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8) Attention is drawn to the Normative references cited in this publication. Use of the referenced publications is 194
indispensable for the correct application of this publication. 195
9) Attention is drawn to the possibility that some of the elements of this IEC Publication may be the subject of 196
patent rights. IEC shall not be held responsible for identifying any or all such patent rights. 197
International Standard IEC 60079-10-1 has been prepared by subcommittee 31J: 198
Classification of hazardous areas and installation requirements, of IEC technical committee 199
31: Equipment for explosive atmospheres. 200
This second edition of IEC 60079-10-1 cancels and replaces the first edition, published in 201
2009, and constitutes a technical revision. 202
The significant technical changes with respect to the previous edition are as follows: 203
a) Restructuring of main body of the text and dividing it into sections to identify possible 204
methodologies for classifying hazardous areas and to provide further explanation on 205
specific assessment factors; 206
b) Introducing new terms and the definitions in section 3; 207
c) Introducing clauses for alternative methods of area classification in section 5; 208
d) Restructuring of the Annexes including: 209
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• Updating calculations for release rate in Annex B; 210
• Updating examples for hazardous area classification; 211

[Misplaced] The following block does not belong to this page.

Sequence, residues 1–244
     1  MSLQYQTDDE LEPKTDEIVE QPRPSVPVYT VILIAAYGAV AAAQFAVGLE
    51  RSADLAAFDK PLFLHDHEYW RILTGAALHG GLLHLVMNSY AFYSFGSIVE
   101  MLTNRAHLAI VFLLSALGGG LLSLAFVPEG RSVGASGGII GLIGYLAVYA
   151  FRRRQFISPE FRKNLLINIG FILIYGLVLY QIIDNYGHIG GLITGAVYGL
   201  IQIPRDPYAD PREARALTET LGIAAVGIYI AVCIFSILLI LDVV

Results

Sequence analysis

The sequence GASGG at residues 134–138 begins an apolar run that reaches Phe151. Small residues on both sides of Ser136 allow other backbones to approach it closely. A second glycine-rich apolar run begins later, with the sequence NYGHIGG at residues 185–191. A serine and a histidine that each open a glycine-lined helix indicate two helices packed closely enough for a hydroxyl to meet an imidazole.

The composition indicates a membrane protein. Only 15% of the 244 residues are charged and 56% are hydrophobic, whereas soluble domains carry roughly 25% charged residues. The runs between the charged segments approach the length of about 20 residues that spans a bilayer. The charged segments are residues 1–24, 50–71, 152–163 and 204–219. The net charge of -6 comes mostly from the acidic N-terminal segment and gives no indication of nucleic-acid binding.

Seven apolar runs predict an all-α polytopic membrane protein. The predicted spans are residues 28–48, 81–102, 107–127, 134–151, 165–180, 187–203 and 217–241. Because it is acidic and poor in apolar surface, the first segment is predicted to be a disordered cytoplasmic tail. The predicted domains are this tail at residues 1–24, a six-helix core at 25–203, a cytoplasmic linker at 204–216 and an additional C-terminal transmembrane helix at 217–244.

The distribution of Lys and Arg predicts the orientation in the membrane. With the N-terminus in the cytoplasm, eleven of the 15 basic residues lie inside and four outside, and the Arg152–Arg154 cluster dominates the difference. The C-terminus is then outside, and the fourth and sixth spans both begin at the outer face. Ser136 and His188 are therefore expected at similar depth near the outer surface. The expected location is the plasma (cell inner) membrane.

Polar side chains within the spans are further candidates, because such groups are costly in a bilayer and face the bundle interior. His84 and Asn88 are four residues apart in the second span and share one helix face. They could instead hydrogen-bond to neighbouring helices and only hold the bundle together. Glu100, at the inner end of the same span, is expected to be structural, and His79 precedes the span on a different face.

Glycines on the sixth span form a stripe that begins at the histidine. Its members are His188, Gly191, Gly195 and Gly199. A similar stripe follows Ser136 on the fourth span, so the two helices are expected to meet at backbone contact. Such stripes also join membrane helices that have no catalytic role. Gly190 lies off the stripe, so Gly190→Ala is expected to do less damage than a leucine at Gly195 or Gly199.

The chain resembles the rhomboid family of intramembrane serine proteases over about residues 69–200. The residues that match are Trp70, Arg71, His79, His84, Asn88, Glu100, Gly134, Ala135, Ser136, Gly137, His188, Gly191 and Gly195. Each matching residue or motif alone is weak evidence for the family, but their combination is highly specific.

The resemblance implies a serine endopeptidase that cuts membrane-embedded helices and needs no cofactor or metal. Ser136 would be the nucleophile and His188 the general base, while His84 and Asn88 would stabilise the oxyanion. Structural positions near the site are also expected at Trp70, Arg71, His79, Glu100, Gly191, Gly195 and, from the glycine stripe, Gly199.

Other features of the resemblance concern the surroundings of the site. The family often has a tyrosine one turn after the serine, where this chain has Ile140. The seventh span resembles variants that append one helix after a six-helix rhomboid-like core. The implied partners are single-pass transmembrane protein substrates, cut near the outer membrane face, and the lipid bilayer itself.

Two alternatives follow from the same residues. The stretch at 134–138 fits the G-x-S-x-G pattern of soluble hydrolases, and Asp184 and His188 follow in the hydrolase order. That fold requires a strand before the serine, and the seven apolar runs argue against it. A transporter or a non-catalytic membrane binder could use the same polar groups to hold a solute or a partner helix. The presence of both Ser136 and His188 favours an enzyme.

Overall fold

• Complete re-write of Annex C for ventilation assessment, with a new approach based 212
upon the degree of dilution instead of the degree of ventilation; 213
• Introduction of Annex D for zone extents: 214
• Update for Annex E to reference to national and industry codes for specific examples 215
of hazardous area classification; 216
• Introduction of Annex H for hydrogen; 217
• Introduction of Annex I for hybrid mixtures. 218
The text of this standard is based on the following documents: 219
FDIS Report on voting
31J/xxx/FDIS 31J/xxx/RVD
220
Full information on the voting for the approval of this standard can be found in the report on 221
voting indicated in the above table. 222
This publication has been drafted in accordance with the ISO/IEC Directives, Part 2. 223
A list of all parts of the IEC 60079 series, under the general title Explosive atmospheres, can 224
be found on the IEC website. 225
The committee has decided that the contents of this publication will remain unchanged until 226
the stability date indicated on the IEC web site under "http://webstore.iec.ch" in the data 227
related to the specific publication. At this date, the publication will be 228
• reconfirmed, 229
• withdrawn, 230
• replaced by a revised edition, or 231
• amended. 232
233
The National Committees are requested to note that for this publication the stability date 234
is .... 235
THIS TEXT IS INCLUDED FOR THE INFORMATION OF THE NATIONAL COMMITTEES AND WILL BE 236
DELETED AT THE PUBLICATION STAGE. 237
238
The committee has decided that the contents of this publication will remain unchanged until 239
the maintenance result date
1
indicated on the IEC web site under "http://webstore.iec.ch" in 240
the data related to the specific publication. At this date, the publication will be 241
reconfirmed; 242
withdrawn; 243
replaced by a revised edition, or 244
• amended. 245
246
———————
1
The National Committees are requested to note that for this publication the maintenance result date is 2014.